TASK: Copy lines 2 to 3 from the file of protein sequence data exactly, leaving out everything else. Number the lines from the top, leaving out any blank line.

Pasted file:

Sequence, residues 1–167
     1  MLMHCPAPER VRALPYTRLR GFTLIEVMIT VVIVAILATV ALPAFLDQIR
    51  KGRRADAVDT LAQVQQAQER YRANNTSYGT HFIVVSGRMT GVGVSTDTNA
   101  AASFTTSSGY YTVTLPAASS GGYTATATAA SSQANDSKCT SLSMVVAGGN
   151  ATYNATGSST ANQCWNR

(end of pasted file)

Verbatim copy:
     1  MLMHCPAPER VRALPYTRLR GFTLIEVMIT VVIVAILATV ALPAFLDQIR
    51  KGRRADAVDT LAQVQQAQER YRANNTSYGT HFIVVSGRMT GVGVSTDTNA